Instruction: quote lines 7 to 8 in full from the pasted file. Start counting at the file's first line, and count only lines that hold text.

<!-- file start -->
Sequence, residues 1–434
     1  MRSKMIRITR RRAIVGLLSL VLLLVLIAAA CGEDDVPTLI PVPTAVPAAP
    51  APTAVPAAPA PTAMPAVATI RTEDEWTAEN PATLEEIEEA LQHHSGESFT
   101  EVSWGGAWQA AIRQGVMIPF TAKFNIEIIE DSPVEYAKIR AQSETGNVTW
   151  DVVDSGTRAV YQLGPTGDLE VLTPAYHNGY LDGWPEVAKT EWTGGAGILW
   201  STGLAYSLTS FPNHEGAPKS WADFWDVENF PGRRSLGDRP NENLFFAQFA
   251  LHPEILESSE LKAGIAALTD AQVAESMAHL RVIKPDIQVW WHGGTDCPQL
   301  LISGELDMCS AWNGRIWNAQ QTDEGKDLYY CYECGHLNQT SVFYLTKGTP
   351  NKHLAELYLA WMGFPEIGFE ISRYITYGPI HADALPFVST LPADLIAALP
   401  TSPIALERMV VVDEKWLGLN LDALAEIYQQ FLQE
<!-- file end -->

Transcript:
   251  LHPEILESSE LKAGIAALTD AQVAESMAHL RVIKPDIQVW WHGGTDCPQL
   301  LISGELDMCS AWNGRIWNAQ QTDEGKDLYY CYECGHLNQT SVFYLTKGTP